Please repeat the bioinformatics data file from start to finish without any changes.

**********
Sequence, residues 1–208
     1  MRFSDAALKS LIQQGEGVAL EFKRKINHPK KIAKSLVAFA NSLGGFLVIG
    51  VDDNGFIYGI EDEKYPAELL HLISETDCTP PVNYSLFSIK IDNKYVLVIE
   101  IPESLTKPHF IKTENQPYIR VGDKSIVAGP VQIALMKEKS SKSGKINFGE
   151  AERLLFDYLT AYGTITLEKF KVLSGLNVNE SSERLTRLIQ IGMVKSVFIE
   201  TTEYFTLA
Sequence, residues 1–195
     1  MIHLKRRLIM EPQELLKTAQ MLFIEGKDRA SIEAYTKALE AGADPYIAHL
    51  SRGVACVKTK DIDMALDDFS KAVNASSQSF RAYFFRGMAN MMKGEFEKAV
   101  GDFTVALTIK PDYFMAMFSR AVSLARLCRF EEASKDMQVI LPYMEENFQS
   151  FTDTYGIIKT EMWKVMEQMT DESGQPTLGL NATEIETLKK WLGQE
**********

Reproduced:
Sequence, residues 1–208
     1  MRFSDAALKS LIQQGEGVAL EFKRKINHPK KIAKSLVAFA NSLGGFLVIG
    51  VDDNGFIYGI EDEKYPAELL HLISETDCTP PVNYSLFSIK IDNKYVLVIE
   101  IPESLTKPHF IKTENQPYIR VGDKSIVAGP VQIALMKEKS SKSGKINFGE
   151  AERLLFDYLT AYGTITLEKF KVLSGLNVNE SSERLTRLIQ IGMVKSVFIE
   201  TTEYFTLA
Sequence, residues 1–195
     1  MIHLKRRLIM EPQELLKTAQ MLFIEGKDRA SIEAYTKALE AGADPYIAHL
    51  SRGVACVKTK DIDMALDDFS KAVNASSQSF RAYFFRGMAN MMKGEFEKAV
   101  GDFTVALTIK PDYFMAMFSR AVSLARLCRF EEASKDMQVI LPYMEENFQS
   151  FTDTYGIIKT EMWKVMEQMT DESGQPTLGL NATEIETLKK WLGQE